The scheme was used to move RTS units, paint and write, and made a strong case that having a physical object with which to act in the game world may actually be preferable.
More significantly, although the demonstration featured only a prototype, Sony's tech is apparently not substantially far off from launch. The company promises more news "in the near future" -- and is targeting a Spring 2010 launch.
Following Up LittleBigPlanet
One of the presentation's highlights was United Front's user-generated content-based racer ModNation Racers, presented as a segue from the "play, create, share" paradigm established by LittleBigPlanet.
Like that title, the racer is compellingly cute and offers limitless customization of characters resembling vinyl Munny figurines, and the utility to create and play one's own racetrack was impressively simple and deep simultaneously.
In this way, Sony seems intent on building -- and dominating -- the user-generated sandbox play genre on consoles.
So? We've Got That Too
In terms of how it matched the luster of Microsoft's show yesterday, Sony at the very least went tit for tat -- it's got its own motion recognition solution, its own Rockstar exclusive, its own major Metal Gear title, and it's got the next-next Final Fantasy, number XIV, on lock (aside from the PC version, which was, of course, not mentioned).
God of War III, Uncharted 2, Mod Nation Racers and the new Ueda game might even tip the content scales in Sony's favor, depending on what type of consumer one is.
And the company shows it's as committed to digital media as its rivals, promising that all future PSP titles will be available both as downloads and at retail. PSP Go users can access the PlayStation Store directly from their handhelds -- "The bottom line is this: There will be more content that is easier to get onto your PSP," said Hirai.
Sony also said it's signed content partnerships with Showtime, G4, E!, HDNet, Starz TV, TNA, Magnolia Films and new anime and sports partners for its video content. Despite this, however, there's an interesting role reversal taking place this year at E3.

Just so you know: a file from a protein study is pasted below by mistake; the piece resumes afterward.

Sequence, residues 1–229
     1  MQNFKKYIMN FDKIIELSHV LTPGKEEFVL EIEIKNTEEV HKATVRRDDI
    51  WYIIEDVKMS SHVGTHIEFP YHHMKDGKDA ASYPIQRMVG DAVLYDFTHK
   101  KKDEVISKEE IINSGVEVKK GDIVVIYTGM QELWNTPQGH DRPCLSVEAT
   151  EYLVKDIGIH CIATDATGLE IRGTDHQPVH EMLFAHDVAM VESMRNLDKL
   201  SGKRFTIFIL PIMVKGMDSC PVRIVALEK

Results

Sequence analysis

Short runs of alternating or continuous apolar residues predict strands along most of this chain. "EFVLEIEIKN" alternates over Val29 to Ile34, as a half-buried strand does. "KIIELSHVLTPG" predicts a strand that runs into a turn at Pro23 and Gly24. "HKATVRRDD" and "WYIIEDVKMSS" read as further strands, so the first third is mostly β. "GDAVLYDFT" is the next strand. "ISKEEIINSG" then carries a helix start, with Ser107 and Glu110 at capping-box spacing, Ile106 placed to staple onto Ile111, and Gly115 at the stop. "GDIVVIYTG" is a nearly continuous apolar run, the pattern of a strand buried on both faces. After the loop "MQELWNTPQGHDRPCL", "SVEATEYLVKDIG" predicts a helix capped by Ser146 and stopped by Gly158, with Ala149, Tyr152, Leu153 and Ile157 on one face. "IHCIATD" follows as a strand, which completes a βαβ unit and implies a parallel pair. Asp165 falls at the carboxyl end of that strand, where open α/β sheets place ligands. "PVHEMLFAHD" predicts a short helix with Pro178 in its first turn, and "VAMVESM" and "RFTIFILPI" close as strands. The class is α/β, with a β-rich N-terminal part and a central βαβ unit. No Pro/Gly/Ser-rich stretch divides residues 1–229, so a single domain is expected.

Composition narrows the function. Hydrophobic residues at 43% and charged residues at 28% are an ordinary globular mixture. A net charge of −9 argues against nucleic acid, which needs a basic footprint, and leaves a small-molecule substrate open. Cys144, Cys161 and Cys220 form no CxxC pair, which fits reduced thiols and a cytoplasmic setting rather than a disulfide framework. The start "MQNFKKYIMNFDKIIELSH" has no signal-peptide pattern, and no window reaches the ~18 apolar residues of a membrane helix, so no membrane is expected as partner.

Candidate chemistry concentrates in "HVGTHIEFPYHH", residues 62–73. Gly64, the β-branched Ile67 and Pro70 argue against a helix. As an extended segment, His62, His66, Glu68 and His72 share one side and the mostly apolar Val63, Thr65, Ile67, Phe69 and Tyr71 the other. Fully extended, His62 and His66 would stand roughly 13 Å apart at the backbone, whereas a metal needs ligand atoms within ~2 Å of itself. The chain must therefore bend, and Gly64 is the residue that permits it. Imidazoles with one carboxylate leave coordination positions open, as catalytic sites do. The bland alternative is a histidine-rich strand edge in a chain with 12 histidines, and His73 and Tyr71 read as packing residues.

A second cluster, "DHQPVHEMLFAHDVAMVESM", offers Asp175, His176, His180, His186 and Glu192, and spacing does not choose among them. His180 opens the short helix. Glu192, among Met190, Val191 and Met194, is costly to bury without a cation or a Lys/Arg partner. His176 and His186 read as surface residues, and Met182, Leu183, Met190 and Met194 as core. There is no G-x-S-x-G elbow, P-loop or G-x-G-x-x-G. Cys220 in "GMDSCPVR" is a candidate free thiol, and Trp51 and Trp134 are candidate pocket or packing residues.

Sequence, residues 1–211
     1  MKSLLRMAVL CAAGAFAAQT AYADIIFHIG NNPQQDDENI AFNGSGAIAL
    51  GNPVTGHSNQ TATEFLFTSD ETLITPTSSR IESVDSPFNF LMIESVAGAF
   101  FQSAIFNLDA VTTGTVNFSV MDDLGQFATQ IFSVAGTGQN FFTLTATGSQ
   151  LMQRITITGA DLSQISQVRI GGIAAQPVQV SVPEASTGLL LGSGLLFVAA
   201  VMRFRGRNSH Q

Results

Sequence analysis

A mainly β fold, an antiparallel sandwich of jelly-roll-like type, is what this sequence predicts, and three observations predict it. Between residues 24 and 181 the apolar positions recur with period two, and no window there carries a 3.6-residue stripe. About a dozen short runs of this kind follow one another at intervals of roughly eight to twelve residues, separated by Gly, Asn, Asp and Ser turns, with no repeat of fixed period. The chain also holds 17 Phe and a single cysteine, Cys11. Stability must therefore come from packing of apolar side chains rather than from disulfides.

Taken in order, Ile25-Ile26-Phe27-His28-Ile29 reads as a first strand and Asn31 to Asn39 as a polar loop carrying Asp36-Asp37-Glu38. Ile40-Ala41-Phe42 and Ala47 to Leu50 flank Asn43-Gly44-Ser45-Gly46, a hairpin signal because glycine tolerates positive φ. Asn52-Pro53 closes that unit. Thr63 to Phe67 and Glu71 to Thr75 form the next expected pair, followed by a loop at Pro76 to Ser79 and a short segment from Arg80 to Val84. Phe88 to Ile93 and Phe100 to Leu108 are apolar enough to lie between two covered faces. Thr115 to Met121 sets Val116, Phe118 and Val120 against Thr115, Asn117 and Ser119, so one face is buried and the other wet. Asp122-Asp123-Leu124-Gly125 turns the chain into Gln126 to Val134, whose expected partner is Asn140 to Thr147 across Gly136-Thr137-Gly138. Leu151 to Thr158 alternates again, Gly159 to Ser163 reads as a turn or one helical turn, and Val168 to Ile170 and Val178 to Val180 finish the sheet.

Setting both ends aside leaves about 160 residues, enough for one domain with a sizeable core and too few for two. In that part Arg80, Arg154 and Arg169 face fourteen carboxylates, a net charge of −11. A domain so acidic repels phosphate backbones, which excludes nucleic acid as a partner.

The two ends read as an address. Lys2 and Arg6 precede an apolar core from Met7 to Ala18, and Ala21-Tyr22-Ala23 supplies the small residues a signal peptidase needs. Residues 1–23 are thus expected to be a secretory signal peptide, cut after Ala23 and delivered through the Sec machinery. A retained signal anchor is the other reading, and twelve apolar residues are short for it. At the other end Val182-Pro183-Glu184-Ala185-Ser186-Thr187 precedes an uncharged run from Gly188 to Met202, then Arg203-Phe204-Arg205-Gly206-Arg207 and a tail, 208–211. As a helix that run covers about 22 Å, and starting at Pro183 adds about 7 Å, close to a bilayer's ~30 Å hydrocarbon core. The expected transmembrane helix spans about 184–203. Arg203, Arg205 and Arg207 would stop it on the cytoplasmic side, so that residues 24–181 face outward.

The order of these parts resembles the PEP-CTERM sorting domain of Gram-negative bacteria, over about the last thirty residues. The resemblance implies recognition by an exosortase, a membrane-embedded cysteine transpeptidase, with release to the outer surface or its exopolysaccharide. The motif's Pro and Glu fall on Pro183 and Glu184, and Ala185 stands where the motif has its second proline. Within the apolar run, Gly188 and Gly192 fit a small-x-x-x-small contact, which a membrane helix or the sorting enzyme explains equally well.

The New 'Media Hub'
When Sony first launched the PlayStation 3, it positioned it as less of a game console and more of a "media device," to a decidedly negative reception. It was the Xbox 360 that was the true "hardcore" console, while Sony seemed to struggle to make PlayStation 3 the all-purpose living room device it wanted it to be.
This year, though, Microsoft's presentation was most impressive for its implications for "home entertainment," while the PlayStation 3 focused solidly and largely on the games. While past Sony briefings have insisted on emphasizing the console as a "media hub" to the point of fatigue, there was none of that talk at all this year.
While no one could accuse the Xbox 360 of lacking a compelling core software lineup, to say the least, Microsoft this year nearly seemed larger than E3; Nintendo, clearly comfortable with Wii's position as a mainstream consumer product, made many question its need to present at E3 at all.
But Sony put on the kind of show reminiscent of the "old" E3, evoking more than a passing reminder of why its platforms used to dominate the industry. Audiences filed out smiling, talking excitedly about the games they'd seen as if they were much younger kids.
"We will never become complacent, despite what we've accomplished," said Tretton.
The Announcement Sony Needed To Make -- And Didn't
There was no price cut for any of Sony's platforms announced at the briefing, as just about everyone had hoped there'd be. Many eyebrows lifted at the PSP Go!'s $249 price point -- the company is making such a strong push to broaden the handheld's userbase, yet tags it so high?
With the PlayStation 3 desperately in need of a reduction -- analysts say taking any less than $100 off the sticker wouldn't even be worth it -- it raises the question: what good's all this content if no one can afford the hardware?
Sony's portfolio of content is impressive. But it's taking a big gamble on the idea that content will sufficiently drive hardware sales, when more often it's hardware sales that foretell software sales. And when the platform ultimately needs developers far more than developers need it, it'll be tough to sustain momentum.
The company's still got it; Sony was not outdone at E3 this year, and depending who you ask, it outdid, maybe even handily. By the time its press conference ended, even the sun had decided to show its face for the first time in Los Angeles since E3 kicked off.
But until price adjustments and marketing initiatives position Sony's platforms better in the market, the clouds haven't passed yet.